UK’s food waste could feed 30m people a year

Twisted nature: Food waste costs the average UK household £480 per year. © Imperfect Picks

Last night, a leading British chef launched a campaign to reduce the 15 million tonnes of food wasted each year. Who is to blame for this shameful squandering of scarce resources?

‘That’s wonky so that can’t go in… That’s too big… That’s too short, far too short. These are all too small...’ Debbie Hammond works on Tattersett Farm in Norfolk, and she is giving the TV chef and food campaigner Hugh Fearnley-Whittingstall a tour.

In total, she is forced to throw away 30-40% of her parsnip crop for being ‘imperfect’ — not bruised or deformed, but not fitting the ‘cosmetic standards’ of the supermarkets — sometimes by only a few millimetres. That amounts to 40 tonnes of vegetables each week: enough to fill 300 trolleys and feed 100,000 people. This is then multiplied over the 40 or so weeks that parsnips are in season.

Last night, Fearnley-Whittingstall used his new BBC television series Hugh’s War on Waste to launch a campaign to reduce the wastage of food by supermarkets and consumers. In total, Britain throws away around 15 million tonnes of food each year, and around half of this is thanks to households over-buying food, or rejecting it as soon as it passes its sell-by date.

The waste is ‘catastrophic’ in an era when more than one million people relied on food banks last year, said Fearnley-Whittingstall. But he argued that the waste goes beyond food — it also involves wasting the energy resources used to transport and manufacture it, even the land which could be used to grow other crops. We live on a planet of ‘limited resources’, he said. It is time to produce the same amount of food using less energy.

Supermarkets are becoming more aware of the issue. Over the weekend, Morrisons announced that it would begin donating all of its unsold food to charity. In France, such practice is required by law, after the government banned supermarkets from throwing away edible food as a matter of ‘absolute urgency’ earlier this year. The same law also bans the retailers from deliberately spoiling unsold food to prevent ‘scavengers’ from fishing it out of bins during the night.

Waste not, want not

It’s all well and good criticising supermarkets, said a spokesperson for Morrisons on Radio 4’s Today Show yesterday morning. But customers do not buy it — they are looking for the perfect parsnip to adorn their Sunday roast, and they are not interested in something which looks ‘wrong’. Until customers embrace the ugly, supermarkets will continue to supply the ‘perfect’ parsnips which they know will sell.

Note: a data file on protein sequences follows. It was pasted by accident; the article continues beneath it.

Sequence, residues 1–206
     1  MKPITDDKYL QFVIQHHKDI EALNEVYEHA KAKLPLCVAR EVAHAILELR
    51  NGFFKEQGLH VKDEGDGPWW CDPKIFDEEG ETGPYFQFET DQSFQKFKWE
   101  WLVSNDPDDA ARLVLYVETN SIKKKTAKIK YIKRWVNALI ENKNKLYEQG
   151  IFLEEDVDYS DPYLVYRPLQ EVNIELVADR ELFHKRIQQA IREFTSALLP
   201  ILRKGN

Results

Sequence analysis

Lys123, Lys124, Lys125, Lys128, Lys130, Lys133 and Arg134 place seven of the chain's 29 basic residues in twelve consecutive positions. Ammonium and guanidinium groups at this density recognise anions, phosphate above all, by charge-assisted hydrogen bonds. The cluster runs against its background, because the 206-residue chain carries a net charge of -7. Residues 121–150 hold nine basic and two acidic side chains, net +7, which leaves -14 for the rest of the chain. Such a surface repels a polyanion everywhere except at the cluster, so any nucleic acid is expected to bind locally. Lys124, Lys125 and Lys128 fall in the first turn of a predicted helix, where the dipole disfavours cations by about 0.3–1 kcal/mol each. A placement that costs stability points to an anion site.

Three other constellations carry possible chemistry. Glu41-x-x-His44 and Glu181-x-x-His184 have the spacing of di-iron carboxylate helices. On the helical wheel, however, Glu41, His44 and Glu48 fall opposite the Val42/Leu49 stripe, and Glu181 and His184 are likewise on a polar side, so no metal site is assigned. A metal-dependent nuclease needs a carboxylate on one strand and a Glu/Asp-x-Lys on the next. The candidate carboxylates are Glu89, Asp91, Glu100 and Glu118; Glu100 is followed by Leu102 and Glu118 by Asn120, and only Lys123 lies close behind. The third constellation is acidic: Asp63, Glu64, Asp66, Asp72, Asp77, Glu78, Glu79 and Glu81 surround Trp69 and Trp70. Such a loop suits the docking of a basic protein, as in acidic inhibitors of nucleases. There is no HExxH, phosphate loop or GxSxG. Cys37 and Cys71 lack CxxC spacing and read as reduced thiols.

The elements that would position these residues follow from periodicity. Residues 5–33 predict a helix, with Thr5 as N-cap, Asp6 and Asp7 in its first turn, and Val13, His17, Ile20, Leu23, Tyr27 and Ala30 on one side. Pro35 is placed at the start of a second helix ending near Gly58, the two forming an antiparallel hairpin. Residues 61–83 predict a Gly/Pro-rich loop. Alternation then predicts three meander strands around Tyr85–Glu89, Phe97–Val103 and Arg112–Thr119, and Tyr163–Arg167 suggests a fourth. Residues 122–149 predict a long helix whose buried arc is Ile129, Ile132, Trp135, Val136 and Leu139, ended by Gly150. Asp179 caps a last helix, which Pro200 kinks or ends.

‘Ridiculous!’ cry campaigners. Customers cannot buy what isn’t there, and many of the vegetables which do not make it into the shops are rejected on the grounds of a few millimetres here and there. In times of food shortages, supermarkets relaxed their guidelines and saw no decline in sales. It is ridiculous not to even give people the choice.

You Decide

  1. Would you eat food which has gone past its sell-by date?
  2. Who is responsible for reducing Britain’s food waste — supermarkets or customers?


  1. As a class, list five things you can do to help reduce food waste. Design campaign posters encouraging your teachers and classmates to follow the guidelines.
  2. Plan a meal which uses unwanted food — think about cuts of meat which are often rejected, or the bits of vegetables which are often thrown away. How can you make them into something delicious?

Some People Say...

“Wasting food is as bad as stealing.”

What do you think?

Q & A

Can I really make a difference?
Faced with such high numbers, it’s easy to feel a bit helpless. But don’t be disheartened — campaigns such as this are a great way to unite people’s actions and send a clear message that public opinion is against needless waste. Using more leftovers or buying wonky fruits may seem like a small change, but if every family committed to action, it could make a huge difference.
Is it dangerous to eat foods which are past their sell-by date?
It’s best to use your common sense. No one is suggesting you eat rotten vegetables or mouldy bread, and you should always be careful with meat. But sell-by dates are estimates, and your food won’t go toxic at the stroke of midnight. The best way to cut waste is to plan in advance to avoid buying food you won’t eat.

Word Watch

Hugh Fearnley-Whittingstall
In 2010, the chef’s ‘Fish Fight’ campaign changed EU laws after highlighting the high number of edible fish which were killed and then thrown back into the sea.
A metric tonne is 1,000kg. Not to be confused with an Imperial or long ‘ton’ (UK) 1,016kg, or the US ‘short’ ton 907kg.
15 million tonnes
From a study by Wrap, the organisation behind the campaign Love Food Hate Waste. One person needs approximately half a tonne of food per year. Therfore, 15 million tonnes is enough to feed 30 million people.
One million people
These figures come from the Trussell Trust, the UK’s main food bank charity. It handed out three days’ worth of food 1,084,604 times between April 2014-15.
With more than 500 stores around the UK, the supermarket chain said the ‘challenge’ of the scheme will involve finding the ‘right community partners’ to work with, as the leftover foods will vary.
In the years running up to the decision, French media had highlighted the plight of poor families who ‘foraged’ for food disposed of in supermarket bins.

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